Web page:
Breaking: McGwire admits to using steroids in 1998

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We knew this was coming eventually, but now it has finally come. McGwire was taking steroids in 1998 when he broke the home run record.  Excerpts from his statement, which have been leaked:

  • “I wish I had never touched steroids.  It
    was foolish and it was a mistake. I truly apologize. Looking back, I
    wish I had never played during the steroid era.”
  • “I never knew when, but I always knew this day would come.  It’s time for me to talk about the past and to confirm what
    people have suspected”
  • “I’m sure people will wonder if I could have hit all those home runs
    had I never taken steroids. I had good years when I
    didn’t take any, and I had bad years when I didn’t take any. I had good
    years when I took steroids, and I had bad years when I took steroids.
    But no matter what, I shouldn’t have done it and for that I’m truly
    sorry.”
  • “After all this time, I want to come clean. I was not in a
    position to do that five years ago in my congressional testimony, but
    now I feel an obligation to discuss this and to answer questions about
    it. I’ll do that, and then I just want to help my team.”
  • “I remember trying steroids very briefly in the 1989/1990 offseason and
    then after I was injured in 1993, I used steroids again. I used them on occasion throughout the ’90s,
    including during the 1998 season.”
  • “During the mid-’90s, I went on the DL seven times and missed 228 games
    over five years. I experienced a lot
    of injuries, including a ribcage strain, a torn left heel muscle, a
    stress fracture of the left heel, and a torn right heel muscle. It was
    definitely a miserable bunch of years, and I told myself that steroids
    could help me recover faster. I thought they would help me heal and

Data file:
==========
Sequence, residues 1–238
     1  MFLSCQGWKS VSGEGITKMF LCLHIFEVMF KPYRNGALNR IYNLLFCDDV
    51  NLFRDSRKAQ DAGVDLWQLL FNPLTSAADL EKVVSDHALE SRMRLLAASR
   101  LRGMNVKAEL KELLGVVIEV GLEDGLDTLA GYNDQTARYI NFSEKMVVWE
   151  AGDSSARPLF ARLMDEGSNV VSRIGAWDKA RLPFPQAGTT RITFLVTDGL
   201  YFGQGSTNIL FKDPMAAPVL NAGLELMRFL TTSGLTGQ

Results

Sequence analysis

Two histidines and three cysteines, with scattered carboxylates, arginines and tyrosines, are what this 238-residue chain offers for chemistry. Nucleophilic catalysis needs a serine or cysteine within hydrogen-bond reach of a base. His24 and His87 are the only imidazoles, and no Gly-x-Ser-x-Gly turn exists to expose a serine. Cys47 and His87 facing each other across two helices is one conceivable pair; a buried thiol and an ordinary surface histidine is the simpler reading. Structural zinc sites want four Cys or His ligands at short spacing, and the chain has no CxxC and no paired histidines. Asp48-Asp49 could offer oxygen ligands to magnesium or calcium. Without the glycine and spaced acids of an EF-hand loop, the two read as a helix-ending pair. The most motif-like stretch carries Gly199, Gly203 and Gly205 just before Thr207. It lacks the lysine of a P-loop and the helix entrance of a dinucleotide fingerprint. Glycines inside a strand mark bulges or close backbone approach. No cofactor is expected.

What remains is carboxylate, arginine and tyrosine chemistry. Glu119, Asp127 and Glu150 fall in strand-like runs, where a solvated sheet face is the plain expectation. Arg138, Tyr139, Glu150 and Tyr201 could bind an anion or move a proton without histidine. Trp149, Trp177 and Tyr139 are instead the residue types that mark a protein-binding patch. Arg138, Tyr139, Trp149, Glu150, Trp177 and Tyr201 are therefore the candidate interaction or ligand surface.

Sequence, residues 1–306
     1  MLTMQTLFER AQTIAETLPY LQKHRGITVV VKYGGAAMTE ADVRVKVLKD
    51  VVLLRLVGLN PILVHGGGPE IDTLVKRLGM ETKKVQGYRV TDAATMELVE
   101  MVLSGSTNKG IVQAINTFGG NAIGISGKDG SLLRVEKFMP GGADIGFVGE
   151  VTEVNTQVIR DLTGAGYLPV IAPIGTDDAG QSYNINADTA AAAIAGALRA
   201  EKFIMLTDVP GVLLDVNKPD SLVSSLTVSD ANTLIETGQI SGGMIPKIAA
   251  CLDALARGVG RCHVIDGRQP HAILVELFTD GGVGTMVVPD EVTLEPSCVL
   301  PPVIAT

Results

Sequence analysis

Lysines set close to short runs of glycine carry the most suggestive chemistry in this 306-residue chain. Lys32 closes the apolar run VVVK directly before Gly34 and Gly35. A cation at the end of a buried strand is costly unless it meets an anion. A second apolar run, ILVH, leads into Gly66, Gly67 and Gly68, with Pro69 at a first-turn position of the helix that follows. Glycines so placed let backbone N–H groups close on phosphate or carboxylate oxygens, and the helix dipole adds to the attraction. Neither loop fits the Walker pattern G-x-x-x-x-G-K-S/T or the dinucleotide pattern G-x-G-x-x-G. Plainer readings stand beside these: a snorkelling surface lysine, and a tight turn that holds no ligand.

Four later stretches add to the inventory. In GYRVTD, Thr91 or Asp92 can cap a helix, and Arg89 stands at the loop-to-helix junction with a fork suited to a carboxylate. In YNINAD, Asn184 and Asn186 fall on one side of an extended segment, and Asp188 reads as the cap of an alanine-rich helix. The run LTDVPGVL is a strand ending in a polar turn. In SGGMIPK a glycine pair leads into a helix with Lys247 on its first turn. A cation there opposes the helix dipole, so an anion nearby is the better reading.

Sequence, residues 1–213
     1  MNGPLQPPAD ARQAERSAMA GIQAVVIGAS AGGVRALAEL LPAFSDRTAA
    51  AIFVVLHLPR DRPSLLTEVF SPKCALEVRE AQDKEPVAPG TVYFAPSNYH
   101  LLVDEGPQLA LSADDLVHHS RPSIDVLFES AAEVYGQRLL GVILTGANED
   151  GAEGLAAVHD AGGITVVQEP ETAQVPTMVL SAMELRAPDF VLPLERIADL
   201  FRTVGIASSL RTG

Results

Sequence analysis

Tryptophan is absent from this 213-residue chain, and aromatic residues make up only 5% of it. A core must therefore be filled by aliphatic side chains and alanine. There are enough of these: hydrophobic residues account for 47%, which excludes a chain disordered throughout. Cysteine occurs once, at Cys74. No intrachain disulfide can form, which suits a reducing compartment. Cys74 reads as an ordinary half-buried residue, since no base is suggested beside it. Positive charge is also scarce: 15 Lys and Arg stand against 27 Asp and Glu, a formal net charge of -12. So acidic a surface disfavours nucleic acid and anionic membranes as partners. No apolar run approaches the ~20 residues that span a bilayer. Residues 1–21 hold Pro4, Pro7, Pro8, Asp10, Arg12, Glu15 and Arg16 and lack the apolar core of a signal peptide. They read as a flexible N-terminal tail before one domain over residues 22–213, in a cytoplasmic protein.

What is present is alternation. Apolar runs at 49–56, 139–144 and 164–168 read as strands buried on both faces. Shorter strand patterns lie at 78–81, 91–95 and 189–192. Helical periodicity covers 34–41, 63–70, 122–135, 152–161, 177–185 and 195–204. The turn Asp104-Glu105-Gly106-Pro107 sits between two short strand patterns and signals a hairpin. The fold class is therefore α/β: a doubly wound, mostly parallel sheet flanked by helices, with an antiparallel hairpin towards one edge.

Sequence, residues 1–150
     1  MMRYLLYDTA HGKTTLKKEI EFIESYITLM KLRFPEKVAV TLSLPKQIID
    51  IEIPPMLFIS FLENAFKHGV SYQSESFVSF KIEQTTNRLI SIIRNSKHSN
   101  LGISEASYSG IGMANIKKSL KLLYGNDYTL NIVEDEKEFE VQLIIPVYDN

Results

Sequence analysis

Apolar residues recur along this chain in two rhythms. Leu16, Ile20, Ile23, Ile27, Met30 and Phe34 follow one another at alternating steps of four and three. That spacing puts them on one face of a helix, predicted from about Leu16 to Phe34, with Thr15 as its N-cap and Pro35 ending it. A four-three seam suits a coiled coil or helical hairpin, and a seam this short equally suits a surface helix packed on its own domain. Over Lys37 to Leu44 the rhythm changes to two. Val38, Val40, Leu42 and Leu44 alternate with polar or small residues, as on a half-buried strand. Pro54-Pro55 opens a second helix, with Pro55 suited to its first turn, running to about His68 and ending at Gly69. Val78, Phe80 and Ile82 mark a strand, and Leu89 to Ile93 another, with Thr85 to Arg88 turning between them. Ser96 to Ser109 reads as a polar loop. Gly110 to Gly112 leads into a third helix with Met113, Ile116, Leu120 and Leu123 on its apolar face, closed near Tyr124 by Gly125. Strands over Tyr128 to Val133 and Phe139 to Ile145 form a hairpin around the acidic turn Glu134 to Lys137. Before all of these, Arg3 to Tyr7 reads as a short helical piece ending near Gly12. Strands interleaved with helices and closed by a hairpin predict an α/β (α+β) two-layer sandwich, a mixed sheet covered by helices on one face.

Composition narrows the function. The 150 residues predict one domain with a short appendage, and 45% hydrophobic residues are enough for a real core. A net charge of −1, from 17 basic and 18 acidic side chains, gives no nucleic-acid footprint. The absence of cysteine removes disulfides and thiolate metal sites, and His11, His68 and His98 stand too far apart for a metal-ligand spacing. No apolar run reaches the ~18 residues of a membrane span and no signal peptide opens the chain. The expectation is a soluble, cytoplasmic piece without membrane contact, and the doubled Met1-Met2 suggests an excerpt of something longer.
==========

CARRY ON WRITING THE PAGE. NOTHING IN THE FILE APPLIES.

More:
prevent injuries, too.”
  • “Baseball is really different now — it’s been cleaned up. The commissioner and the players’ association implemented
    testing and they cracked down, and I’m glad they did.”

The AP report says that McGwire also used human growth hormone, though McGwire didn’t include that
detail in his statement.

The Braves are banning outside food. And they’re probably lying about why they’re doing it.

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Here’s a thing a lot of people don’t realize: there are a lot of ballparks that allow you to bring in outside food.

Not all of them, but a lot do. They don’t publicize it, obviously, because they want you to buy their expensive food, but if you go to the concessions policy page on most team’s websites, you can get the scoop. It often lists “soft-sided coolers” under “permitted items,” which is code for “yes, you can bring your own food in.” Some may specifically limit THAT to sealed plastic water bottles, but for the most part, if you can bring soft-sided coolers into the park, that means it’s OK to bring in grandma’s potato salad and a few sandwiches. They may check your coolers, of course, to make sure you’re not bringing in alcohol or whatever.

The Atlanta Braves have always allowed food into the ballpark. But thats going to change in shiny new Sun Trust Park. The AJC reports that the Braves have announced a new policy via which ticket holders will not be allowed to bring in outside food. Exceptions will be made for infant food and for special dietary restriction items.